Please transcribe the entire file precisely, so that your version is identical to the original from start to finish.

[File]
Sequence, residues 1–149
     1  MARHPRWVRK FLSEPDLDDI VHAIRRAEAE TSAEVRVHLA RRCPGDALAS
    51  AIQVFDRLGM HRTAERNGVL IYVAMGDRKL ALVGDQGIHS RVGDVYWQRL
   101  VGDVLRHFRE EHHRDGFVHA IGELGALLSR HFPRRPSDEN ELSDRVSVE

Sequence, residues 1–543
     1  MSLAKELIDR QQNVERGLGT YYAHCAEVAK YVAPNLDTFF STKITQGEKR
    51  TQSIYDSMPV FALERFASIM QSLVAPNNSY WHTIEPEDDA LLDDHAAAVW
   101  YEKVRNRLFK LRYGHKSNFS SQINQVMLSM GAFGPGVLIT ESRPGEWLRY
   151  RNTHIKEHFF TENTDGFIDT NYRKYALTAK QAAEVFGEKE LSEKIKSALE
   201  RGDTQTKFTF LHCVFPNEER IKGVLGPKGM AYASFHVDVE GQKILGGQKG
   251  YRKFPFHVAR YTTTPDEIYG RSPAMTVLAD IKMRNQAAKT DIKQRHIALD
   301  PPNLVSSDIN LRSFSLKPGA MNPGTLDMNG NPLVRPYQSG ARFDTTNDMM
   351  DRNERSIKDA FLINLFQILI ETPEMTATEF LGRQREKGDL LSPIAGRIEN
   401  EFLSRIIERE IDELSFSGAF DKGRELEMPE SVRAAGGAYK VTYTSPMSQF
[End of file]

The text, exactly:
Sequence, residues 1–149
     1  MARHPRWVRK FLSEPDLDDI VHAIRRAEAE TSAEVRVHLA RRCPGDALAS
    51  AIQVFDRLGM HRTAERNGVL IYVAMGDRKL ALVGDQGIHS RVGDVYWQRL
   101  VGDVLRHFRE EHHRDGFVHA IGELGALLSR HFPRRPSDEN ELSDRVSVE

Sequence, residues 1–543
     1  MSLAKELIDR QQNVERGLGT YYAHCAEVAK YVAPNLDTFF STKITQGEKR
    51  TQSIYDSMPV FALERFASIM QSLVAPNNSY WHTIEPEDDA LLDDHAAAVW
   101  YEKVRNRLFK LRYGHKSNFS SQINQVMLSM GAFGPGVLIT ESRPGEWLRY
   151  RNTHIKEHFF TENTDGFIDT NYRKYALTAK QAAEVFGEKE LSEKIKSALE
   201  RGDTQTKFTF LHCVFPNEER IKGVLGPKGM AYASFHVDVE GQKILGGQKG
   251  YRKFPFHVAR YTTTPDEIYG RSPAMTVLAD IKMRNQAAKT DIKQRHIALD
   301  PPNLVSSDIN LRSFSLKPGA MNPGTLDMNG NPLVRPYQSG ARFDTTNDMM
   351  DRNERSIKDA FLINLFQILI ETPEMTATEF LGRQREKGDL LSPIAGRIEN
   401  EFLSRIIERE IDELSFSGAF DKGRELEMPE SVRAAGGAYK VTYTSPMSQF